Can the audience cut it?

2008-12-09 00:00

SHEAR Madness is the longest running play, apart from musicals, in American theatre history, and Themi Venturas, who directs the Catalina production, went to the United States to get input on how to set about staging it here. That’s because it is not a straightforward script that runs from start to finish in exactly the same way at each performance. It is improvisational theatre, and it is up to the audience to dictate how it is going to end.

The play is set in a hair salon — an excellent set which can make the most of the usually awkward shape of the Catalina. Actors and audience have an intimacy that would be lacking in a conventionally deeper stage. As the audience enters, actors are already on stage, and in the salon, one having a haircut. At this point, there is no dialogue, but characters are already being established. There is Tony, an über-camp hairdresser — a superb Marc Kay who does his best to steal the show; his assistant Barbara (Daisy Spencer); customers socialite Mrs Schubert (Clare

Mortimer) and sleazy antiques dealer Eddie Lawrence (Michael Gritten). Then there are two others who are not getting the kind of treatment you normally pay happily for — Loyiso McDonald and Dhaveshan Govender.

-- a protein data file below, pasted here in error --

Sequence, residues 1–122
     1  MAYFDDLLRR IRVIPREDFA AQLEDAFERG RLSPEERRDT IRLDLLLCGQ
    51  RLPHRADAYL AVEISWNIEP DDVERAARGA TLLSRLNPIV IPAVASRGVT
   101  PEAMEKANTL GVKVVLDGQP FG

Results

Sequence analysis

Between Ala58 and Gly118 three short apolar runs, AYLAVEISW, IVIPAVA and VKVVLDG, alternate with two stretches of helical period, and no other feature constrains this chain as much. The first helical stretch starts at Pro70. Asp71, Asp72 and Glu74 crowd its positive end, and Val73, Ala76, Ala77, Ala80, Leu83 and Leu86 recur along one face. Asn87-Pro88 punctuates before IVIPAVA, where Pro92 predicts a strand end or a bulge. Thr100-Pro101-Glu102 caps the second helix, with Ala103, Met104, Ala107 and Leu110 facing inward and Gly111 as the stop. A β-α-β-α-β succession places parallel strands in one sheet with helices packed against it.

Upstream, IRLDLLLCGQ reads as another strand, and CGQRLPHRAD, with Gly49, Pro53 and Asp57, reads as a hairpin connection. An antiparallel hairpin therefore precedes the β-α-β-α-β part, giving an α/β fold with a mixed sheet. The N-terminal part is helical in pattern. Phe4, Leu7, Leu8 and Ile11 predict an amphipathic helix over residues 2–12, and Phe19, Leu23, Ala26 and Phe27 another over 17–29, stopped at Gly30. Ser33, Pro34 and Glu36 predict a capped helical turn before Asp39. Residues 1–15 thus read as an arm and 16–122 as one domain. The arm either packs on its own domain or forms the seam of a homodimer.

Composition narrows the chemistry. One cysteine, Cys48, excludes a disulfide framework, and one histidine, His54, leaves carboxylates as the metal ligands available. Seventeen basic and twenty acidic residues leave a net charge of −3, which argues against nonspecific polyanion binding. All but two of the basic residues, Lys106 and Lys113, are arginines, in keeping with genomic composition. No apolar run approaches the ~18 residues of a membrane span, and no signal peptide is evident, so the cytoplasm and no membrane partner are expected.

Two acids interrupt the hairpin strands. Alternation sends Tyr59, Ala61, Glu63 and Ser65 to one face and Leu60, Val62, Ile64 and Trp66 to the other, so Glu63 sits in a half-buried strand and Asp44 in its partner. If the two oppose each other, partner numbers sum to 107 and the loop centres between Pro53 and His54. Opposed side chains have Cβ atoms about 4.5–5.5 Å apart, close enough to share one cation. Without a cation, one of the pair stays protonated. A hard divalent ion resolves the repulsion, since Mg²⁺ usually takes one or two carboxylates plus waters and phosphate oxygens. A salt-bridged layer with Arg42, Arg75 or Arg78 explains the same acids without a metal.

Upstairs lives the landlady, the never seen Isabel Czerny who is an elderly retired concert pianist and soon-to-be-corpse. One of the customers obviously does her in — but which one? Once she is dead, and known to be dead, the house lights come up, and Inspector Nick Hlatshwayo asks the audience for their input as the witnesses/suspects give their version of events. And a bigger bunch of liars and omitters you will never find outside a police station. It’s up to you to catch them out.

The audience can question, and in the interval they can suggest questions to the police, while the suspects are confined on stage. Once those questions have been dealt with, the audience votes for who they think the killer is. And then the play goes on.

Don’t think you are taking part in a foregone conclusion. On Thursday evening and Sunday afternoon, different murderers were unmasked. It’s all up to you, and the actors have to be on their toes, prepared to be asked anything and to come up with an answer. All the performances are excellent — no weak links — and there are plenty of topical references and humour. For some festive season fun and escape from the mean streets, head down to the Catalina to catch a murderer.

Margaret von Klemperer

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